“We must commit to the restorative justice that’s in this: open up economic opportunities for people of color who in millions of cases over the decades have born the brunt of unequal application of our nonsensical cannabis laws,” Rep. Earl Blumenauer (D-Ore.) told reporters at the Capitol. “We have problems in terms of cannabis law, and they are because the federal government is out of step with reality and with the public.”

One of the two Republicans who supported the legislation in committee is Rep. Matt Gaetz (R-Fla.) who says he’s now lobbying his fellow Republicans to try and help expand support for the measure within the GOP.

“I’m lobbying other members to consider voting for it on the Republican side as well,” Gaetz told Wikileaf.

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Even as Gaetz supports the MORE Act, he’s not expecting to be able to win over too many of his fellow Republicans. That’s why he thinks ultimately Chairman Nadler’s bill will likely have to be melded with something like the STATES Act, which would federally decriminalize marijuana while allowing every state to decide its own local marijuana laws.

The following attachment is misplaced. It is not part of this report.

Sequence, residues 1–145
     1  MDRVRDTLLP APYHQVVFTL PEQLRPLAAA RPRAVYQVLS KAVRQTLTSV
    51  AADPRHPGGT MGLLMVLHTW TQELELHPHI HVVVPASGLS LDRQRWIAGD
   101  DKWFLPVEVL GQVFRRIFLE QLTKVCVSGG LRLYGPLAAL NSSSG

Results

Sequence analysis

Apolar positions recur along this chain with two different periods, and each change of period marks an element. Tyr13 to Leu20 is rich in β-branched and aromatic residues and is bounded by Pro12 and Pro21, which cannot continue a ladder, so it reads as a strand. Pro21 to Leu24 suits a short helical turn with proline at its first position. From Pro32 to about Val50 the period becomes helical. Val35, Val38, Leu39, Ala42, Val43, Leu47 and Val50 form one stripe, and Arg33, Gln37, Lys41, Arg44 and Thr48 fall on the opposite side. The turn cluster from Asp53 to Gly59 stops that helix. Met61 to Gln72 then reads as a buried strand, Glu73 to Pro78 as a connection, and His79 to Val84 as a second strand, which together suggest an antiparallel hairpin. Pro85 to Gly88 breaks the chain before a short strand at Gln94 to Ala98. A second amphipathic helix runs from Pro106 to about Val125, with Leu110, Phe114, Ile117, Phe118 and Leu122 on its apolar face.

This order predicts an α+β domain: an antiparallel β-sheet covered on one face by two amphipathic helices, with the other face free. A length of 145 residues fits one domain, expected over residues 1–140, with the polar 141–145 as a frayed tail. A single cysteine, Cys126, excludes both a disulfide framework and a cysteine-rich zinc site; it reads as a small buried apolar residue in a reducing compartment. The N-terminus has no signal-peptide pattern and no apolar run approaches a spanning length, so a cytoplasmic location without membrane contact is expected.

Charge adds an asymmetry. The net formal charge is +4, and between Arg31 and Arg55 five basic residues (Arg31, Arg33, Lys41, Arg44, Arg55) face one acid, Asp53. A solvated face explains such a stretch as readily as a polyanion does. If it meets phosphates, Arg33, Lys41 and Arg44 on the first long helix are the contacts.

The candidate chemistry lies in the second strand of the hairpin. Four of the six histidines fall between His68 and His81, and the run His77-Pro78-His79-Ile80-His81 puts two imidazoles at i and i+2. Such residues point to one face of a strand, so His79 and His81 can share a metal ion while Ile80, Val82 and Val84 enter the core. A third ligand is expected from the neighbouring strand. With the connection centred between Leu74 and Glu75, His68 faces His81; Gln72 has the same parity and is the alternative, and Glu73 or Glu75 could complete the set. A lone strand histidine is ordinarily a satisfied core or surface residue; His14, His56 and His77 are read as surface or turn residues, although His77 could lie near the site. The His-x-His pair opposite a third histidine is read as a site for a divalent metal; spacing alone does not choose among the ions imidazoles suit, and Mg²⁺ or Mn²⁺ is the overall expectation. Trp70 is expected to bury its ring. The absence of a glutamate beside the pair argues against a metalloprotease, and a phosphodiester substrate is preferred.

“My hope is that after moving the chairman’s bill, that the chairman will schedule a markup on the STATES Act as well, which would pass the House and Senate if it were on the floor,” Gaetz said. “The chairman’s bill, I fear would not get a fair look in the Senate, but the STATES Act would, so let’s try to get as much positive cannabis reform in the bloodstream as possible.”

While it’s future is unclear, pro-cannabis lawmakers are cheering, especially after they were able to help pass the bipartisan First Step Act in the last Congress which relaxed some federal prison regulations, especially for nonviolent drug offenders.

“We took an important first step, you know, last Congress to begin to address overcriminalization in America. But the work is just beginning. And one of the things that we can do moving forward is deal with marijuana legalization and decriminalization and give the states the opportunity to decide what is best for their citizens,” Rep. Hakeem Jeffries (D-N.Y.) told Wikileaf. “It’s incredibly important that we deschedule marijuana and allow the resources of the federal government to focus on more illicit narcotics activity.”

Sen. Kamala Harris (D-Calif.) is the lead sponsor of the MORE Act’s companion legislation in the Senate, but Senate Majority Leader Mitch McConnell has been blocking other cannabis-related bills from ever seeing the light of day in his chamber.

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Even the bill’s supporters fear McConnell will try to block this historic measure from coming up for a vote, which is increasingly becoming a part of the pitch from many marijuana proponents inside and outside of Congress for why ousting – or replacing – McConnell should be a top goal in next year’s election.